Biography Essay on George Washington: Winter of 1776

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George Washington was born in Virginia on February 22, 1732. Unlike his siblings, he was never sent to England for formal education. Instead, he attended a school in Virginia. Lawrence Washington, George Washington's brother, married Virginia's greatest single landowner family, the Fairfaxes. Washington's relationship through his brothers' marriage provided him with a benefit that he would not have received otherwise. While following George Fairfax on an expedition into the wilderness of the Blue Ridge Mountains, a young George Washington learned about surveying. Washington put his newly acquired surveying abilities to good use. By the age of 18, he was getting more reviewing than he could as a rancher. Washington opted to pursue a military career because he was ambitious and knew that surveying and farming would not provide him with the money and social stature he desired. He applied to join the Virginia frontier state army. Using his connections to the Fairfaxes, Washington was promoted to major and tasked with training militia in Southern Virginia. George Washington, at the age of 21, decided to enter the Freemasons at this point in his life.

George was designated lieutenant colonel and second accountable for the development of an Ohio Valley stronghold. Washington was tempted to attack a small French force on his route to the fort's construction site. It was a delegation led by an ambassador, not a force. Washington chose to retire to a neighboring meadow and construct a modest fortification known as Fort Necessity. The paucity of resources and the men's unraveling discipline pushed Washington to surrender, the first and only time in his military career.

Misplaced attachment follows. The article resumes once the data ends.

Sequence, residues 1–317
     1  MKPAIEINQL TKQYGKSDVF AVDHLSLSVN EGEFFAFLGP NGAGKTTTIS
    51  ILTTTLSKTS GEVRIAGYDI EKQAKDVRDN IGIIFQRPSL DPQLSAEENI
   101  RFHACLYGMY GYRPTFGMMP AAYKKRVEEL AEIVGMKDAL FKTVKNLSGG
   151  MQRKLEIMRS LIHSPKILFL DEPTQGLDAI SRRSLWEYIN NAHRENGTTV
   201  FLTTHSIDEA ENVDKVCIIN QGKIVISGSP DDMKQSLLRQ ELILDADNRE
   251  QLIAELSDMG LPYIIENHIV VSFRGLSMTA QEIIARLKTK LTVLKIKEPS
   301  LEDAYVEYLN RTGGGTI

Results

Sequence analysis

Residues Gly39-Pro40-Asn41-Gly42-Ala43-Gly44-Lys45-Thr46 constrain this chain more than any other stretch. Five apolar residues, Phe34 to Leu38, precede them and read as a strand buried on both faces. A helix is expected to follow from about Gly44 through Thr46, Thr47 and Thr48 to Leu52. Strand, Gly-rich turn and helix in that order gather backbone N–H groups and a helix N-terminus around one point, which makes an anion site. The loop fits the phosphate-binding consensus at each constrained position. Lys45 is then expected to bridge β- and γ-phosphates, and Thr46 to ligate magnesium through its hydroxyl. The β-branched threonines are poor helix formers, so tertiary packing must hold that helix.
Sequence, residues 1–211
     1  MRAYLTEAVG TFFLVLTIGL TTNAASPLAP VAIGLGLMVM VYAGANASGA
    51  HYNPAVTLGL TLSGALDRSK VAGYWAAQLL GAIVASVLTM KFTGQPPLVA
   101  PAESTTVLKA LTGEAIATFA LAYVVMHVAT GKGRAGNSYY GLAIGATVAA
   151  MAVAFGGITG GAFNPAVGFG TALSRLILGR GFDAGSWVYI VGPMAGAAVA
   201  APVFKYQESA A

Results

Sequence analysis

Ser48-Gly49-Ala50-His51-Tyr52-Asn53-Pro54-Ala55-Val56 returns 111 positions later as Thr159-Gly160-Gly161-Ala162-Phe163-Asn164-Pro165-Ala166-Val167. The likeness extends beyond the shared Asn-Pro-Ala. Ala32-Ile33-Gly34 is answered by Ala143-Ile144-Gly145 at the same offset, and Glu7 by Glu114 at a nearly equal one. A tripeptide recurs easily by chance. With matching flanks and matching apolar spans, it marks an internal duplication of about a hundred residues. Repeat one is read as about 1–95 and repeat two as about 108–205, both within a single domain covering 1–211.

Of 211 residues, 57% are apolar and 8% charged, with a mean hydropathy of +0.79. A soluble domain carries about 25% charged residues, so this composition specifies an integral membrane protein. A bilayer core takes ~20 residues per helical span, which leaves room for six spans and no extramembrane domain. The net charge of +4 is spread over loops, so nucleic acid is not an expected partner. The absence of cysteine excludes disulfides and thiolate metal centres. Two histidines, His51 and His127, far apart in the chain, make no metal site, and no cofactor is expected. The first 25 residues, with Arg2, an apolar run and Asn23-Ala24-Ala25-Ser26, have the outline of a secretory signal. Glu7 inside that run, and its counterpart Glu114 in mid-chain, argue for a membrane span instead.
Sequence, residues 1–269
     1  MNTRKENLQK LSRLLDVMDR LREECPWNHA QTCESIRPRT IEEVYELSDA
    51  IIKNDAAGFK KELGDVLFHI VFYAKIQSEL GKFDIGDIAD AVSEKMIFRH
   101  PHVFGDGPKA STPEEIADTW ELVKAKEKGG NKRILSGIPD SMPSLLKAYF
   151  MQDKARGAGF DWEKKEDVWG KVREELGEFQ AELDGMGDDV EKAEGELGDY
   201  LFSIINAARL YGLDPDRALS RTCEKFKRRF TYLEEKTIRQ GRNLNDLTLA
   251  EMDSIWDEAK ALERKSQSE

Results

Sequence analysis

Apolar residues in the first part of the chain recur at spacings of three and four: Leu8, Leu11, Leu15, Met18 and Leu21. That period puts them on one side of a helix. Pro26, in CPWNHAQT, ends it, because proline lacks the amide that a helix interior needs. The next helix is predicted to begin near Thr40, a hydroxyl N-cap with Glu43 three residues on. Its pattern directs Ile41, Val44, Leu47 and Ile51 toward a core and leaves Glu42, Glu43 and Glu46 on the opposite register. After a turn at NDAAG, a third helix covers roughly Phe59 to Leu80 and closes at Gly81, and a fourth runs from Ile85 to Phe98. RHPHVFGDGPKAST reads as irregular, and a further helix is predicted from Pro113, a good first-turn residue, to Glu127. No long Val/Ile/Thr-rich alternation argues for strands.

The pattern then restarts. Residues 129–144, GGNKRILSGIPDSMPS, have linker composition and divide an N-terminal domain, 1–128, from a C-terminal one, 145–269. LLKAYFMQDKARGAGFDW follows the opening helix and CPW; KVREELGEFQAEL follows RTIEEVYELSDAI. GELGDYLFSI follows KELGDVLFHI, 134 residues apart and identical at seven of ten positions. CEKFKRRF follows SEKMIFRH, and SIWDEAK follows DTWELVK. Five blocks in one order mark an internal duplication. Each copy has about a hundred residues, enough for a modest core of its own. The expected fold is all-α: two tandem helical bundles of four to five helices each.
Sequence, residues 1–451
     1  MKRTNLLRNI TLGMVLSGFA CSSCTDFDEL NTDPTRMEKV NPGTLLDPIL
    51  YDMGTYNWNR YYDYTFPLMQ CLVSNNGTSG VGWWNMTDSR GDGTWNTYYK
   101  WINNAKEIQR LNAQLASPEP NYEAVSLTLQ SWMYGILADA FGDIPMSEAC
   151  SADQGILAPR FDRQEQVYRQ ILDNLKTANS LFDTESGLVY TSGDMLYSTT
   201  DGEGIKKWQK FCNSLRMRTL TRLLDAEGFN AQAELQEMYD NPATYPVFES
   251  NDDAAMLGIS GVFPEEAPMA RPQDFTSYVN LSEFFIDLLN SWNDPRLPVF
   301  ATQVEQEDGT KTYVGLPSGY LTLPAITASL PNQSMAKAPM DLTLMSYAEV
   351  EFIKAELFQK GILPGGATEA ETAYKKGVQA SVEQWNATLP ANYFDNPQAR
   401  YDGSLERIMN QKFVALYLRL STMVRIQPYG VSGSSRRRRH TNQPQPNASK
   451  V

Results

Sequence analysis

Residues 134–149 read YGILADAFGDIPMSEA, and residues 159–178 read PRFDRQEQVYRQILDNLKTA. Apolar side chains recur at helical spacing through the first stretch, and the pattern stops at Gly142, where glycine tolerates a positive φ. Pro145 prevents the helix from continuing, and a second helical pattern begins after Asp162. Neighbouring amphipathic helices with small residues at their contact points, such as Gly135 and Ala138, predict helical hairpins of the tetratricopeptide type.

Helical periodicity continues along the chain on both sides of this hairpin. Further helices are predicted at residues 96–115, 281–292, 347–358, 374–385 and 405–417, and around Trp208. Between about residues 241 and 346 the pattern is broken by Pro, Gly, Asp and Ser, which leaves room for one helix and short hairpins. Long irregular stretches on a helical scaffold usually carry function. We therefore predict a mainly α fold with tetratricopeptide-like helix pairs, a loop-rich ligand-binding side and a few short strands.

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In February 1755, Washington joined a mission to go after the French stronghold. In the mission, he didn't play a tactical part and was simply observing. The British arrangement was lined up like vehicles in rush hour. In view of the blockage, it helped the more vulnerable French and Indian armed forces conquer the British. Washington was able to charge ahead and organize a retreat. As per his story, bullet gaps in his coat and two horses killed from underneath him saved his life. George’s admiration skyrocketed, and he earned a new image. He rose up out of contention as a legend, and Virginia lead representative Robert Dinwiddie elevated him to full colonel (Nevis, 2022).

Towards the end of the conflict, Washington stepped down and withdrew to Mount Vernon. The colonel who was only 30 years old, wedded. His bride, Martha, was the widow of one of Virginia's wealthiest men, and their marriage provided Washington with the property, slaves, and fortune he had desired. George Washington and his wife were one of the most perceived families in the state. Throughout this period, they settled happily, and he dedicated himself to his governmental job and his farm for 15 years.